Archibald Stobo, Presbyterian Pioneer

The name of Francis Makemie is well-known to readers of this site as "the Father of American Presbyterianism," and the historical record shows that he was influential in establishing the first presbytery in America, the Presbytery of Philadelphia, in 1705-1706. 

The Hanover Presbytery, established in Virginia in 1755, is often thought by some to have been the first presbytery established in the Southern United States. However, an earlier presbytery was established in South Carolina, not connected to the northern branches of the American Presbyterian Church, in 1722-1723. Presbyteries consist of more than one man, but in this case, the man who was most influential in its founding, Archibald Stobo (d. 1741) is worthy of special mention here. 

He was born in Scotland in the 1670's, and graduated from the University of Edinburgh in 1697. As it happened, a plan for a Scottish colony in Panama at the Isthmus of Darien was developing, and ministers were needed for the colony, which was known as Caledonia. The first wave of ministers and settlers arrived there in 1698. Stobo, along with Alexander Shields and Francis Borland, was part of the second re-supply expedition, which arrived in 1699. While serving there, "Three of these ministers, Alexander Shields, Francis Boreland and Archibald Stobo, instituted the Presbytery of Caledonia, the first presbytery in the New World" (Jacob Harris Patton, A Popular History of the Presbyterian Church in the United States of America, p. 89). "The first Presbytery organized on this continent was 'The Presbytery of Caledonia.'" (Benjamin L. Agnew, "When Was the First Presbytery of the Presbyterian Church in the United States of America Organized?").

He came with his family, and the expectation was that the second group of ministers would stay for a full year. However, Stobo's wife encouraged him to return home early, and so he was granted leave, and began the return voyage home on the ship, Rising Sun, in September, 1700. Stobo and his family and a few others disembarked after Stobo was requested to preach in town. That very night a hurricane of incredible intensity hit Charleston and sank the Rising Sun with over one hundred souls on board, none of whom survived. The story of that dramatic event is told in much more detail by George Howe, History of the Presbyterian Church in South Carolina, Vol. 1, pp. 141-142; and Howe, The Early Presbyterian Immigration Into South Carolina, pp. 36-37. In time, Stobo made the decision to remain in South Carolina and forgo returning to Scotland altogether. He became the pastor of the church in Charleston that was "called at various times the Presbyterian, Independent, White Meeting [on account of the color of the building], and Circular Church [on account of the building's shape and design]...the 'Mixed Presbyterian and Independent Church'" (Daniel W. Hollis & Carl Julien, Look to the Rock: One Hundred Ante-bellum Presbyterian Churches of the South, p. 4). (This church today is known as the Circular Congregational Church. In Strobo's day, the congregation consisted of a mix of Presbyterians, Congregationalists and French Huguenots of Presbyterian conviction.)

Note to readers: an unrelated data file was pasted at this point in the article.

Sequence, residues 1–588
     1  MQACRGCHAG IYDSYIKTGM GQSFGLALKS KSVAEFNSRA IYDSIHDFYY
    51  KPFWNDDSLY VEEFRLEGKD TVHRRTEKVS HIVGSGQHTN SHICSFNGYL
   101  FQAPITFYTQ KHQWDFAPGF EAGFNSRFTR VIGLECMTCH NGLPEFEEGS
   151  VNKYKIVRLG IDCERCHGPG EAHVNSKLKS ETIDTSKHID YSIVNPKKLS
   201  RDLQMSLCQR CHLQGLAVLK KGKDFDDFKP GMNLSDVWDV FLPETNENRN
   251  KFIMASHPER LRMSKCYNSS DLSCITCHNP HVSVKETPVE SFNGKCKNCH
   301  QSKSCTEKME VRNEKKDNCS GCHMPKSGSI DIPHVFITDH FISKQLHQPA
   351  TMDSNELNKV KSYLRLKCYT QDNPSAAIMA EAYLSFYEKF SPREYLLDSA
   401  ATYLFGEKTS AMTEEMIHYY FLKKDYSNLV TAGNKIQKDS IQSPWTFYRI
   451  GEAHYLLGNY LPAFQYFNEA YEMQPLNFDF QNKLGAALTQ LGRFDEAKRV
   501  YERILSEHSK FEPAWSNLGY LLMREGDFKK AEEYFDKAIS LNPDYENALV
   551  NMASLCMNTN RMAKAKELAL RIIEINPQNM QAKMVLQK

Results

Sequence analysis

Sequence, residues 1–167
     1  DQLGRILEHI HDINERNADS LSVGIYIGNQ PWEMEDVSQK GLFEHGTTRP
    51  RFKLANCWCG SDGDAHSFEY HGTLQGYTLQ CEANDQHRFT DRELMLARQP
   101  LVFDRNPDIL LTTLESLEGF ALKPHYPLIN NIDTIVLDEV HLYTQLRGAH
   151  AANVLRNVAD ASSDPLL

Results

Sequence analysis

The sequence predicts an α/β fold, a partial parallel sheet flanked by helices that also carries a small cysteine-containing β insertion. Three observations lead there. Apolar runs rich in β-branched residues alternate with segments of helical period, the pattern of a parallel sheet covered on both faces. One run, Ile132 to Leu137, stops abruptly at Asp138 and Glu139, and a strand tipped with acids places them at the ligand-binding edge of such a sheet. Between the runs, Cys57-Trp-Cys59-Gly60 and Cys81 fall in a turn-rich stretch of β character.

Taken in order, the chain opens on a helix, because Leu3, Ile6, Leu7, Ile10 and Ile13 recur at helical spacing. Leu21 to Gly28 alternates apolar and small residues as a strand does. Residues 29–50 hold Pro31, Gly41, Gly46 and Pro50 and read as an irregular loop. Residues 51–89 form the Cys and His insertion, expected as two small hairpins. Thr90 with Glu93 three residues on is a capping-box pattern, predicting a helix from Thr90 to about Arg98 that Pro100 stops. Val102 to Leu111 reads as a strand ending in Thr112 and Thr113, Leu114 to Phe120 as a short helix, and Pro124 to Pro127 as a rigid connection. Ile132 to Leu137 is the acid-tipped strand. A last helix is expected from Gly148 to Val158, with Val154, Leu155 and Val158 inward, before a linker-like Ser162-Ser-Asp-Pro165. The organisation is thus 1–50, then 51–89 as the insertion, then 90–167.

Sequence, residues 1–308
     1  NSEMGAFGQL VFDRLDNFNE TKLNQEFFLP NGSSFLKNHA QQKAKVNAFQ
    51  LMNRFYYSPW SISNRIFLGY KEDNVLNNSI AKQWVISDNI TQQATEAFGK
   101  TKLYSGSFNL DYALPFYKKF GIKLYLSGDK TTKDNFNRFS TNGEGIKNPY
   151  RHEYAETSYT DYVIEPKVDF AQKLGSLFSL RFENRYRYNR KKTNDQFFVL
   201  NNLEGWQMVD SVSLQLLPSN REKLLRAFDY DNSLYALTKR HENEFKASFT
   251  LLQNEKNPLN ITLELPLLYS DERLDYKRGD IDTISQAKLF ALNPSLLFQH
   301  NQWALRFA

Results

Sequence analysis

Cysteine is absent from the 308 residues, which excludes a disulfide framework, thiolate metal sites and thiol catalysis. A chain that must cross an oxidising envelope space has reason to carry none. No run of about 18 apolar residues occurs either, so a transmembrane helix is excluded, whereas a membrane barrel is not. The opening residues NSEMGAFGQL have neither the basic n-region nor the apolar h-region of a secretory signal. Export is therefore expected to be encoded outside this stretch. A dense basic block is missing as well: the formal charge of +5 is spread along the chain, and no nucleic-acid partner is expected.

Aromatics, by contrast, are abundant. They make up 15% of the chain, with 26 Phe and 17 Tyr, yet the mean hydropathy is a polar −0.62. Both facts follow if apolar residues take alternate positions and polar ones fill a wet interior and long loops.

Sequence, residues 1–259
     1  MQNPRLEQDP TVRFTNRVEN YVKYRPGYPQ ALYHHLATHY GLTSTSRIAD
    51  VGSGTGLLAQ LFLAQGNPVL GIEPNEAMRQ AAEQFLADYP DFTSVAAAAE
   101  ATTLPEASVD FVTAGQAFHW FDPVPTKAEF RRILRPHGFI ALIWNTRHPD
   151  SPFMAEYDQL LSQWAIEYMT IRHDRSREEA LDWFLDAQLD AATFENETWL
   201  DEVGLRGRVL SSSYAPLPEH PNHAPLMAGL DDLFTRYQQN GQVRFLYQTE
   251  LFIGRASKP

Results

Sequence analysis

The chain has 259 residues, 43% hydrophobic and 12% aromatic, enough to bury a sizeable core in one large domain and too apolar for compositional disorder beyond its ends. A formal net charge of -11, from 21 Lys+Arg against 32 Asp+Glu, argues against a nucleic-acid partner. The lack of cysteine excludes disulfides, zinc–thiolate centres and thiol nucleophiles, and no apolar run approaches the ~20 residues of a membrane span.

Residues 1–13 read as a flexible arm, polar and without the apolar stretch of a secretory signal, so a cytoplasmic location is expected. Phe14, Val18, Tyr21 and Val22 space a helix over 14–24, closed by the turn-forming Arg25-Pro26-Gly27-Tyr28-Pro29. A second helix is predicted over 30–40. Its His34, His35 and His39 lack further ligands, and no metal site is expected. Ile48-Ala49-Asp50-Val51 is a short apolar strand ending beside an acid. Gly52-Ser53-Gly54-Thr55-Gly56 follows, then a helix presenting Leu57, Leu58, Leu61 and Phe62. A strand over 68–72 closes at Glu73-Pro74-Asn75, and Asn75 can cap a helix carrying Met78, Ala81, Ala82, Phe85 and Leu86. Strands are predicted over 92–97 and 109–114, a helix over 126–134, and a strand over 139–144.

"After serving this church for four years, he turned his attention to Protestant Dissenters in the countryside who were particularly strong in the region that stretched southwest of the Stono River to the Combahee. For the next thirty-seven years he was a tireless pastor among these people, establishing churches at Wilton Bluff at Adam's Run on the lower Edisto River, at Pon Pon further upriver, at James Island, and northwest of Charlestown, at Cainhoy among the New Englanders who settled there" (Erskine Clarke, Our Southern Zion, p. 43).

Stobo was "a man of decided character, and an uncompromising Presbyterian" (Ernest Trice Thompson, Presbyterians in the South, Vol. 1, p. 32). In 1706, he and 46 members of his congregation signed a covenant binding them to be "a Presbyterian congregation for ever in church discipline, doctrine and government, as set down in the Old Testament. That christnings, marriages and burials shall be among themselves, that their ministers shall come from Scotland, such as he, Mr. Stobo can comply with, that upon Sabbath days they shan't go to other places but the meeting or must meet among themselves rather than by gadding abroad for strengthening others vice and giving offence to one another" (Letter of Le Jau to Mr. Stubbs, dated April 15, 1707, cited in Charles Augustus Briggs, American Presbyterianism: Its Origin and Early History, p. lxvii). It was in 1722-1723 that the efforts of Stobo to unite the various local Presbyterian churches, many of which he planted, bore special fruit with the founding a presbytery (sometimes referred to as the Charles Towne Presbytery, at other times as the Presbytery of James Island). This was the first presbytery established in the Southern United States. 

Thus, Stobo participated in the founding of the first presbytery in the New World (the Presbytery of Caledonia, in Panama, in 1699-1700; and the first presbytery in the Southern United States (Charles Towne Presbytery, or the Presbytery of James Island, in 1722-1723), and is a Presbyterian worthy to be remembered.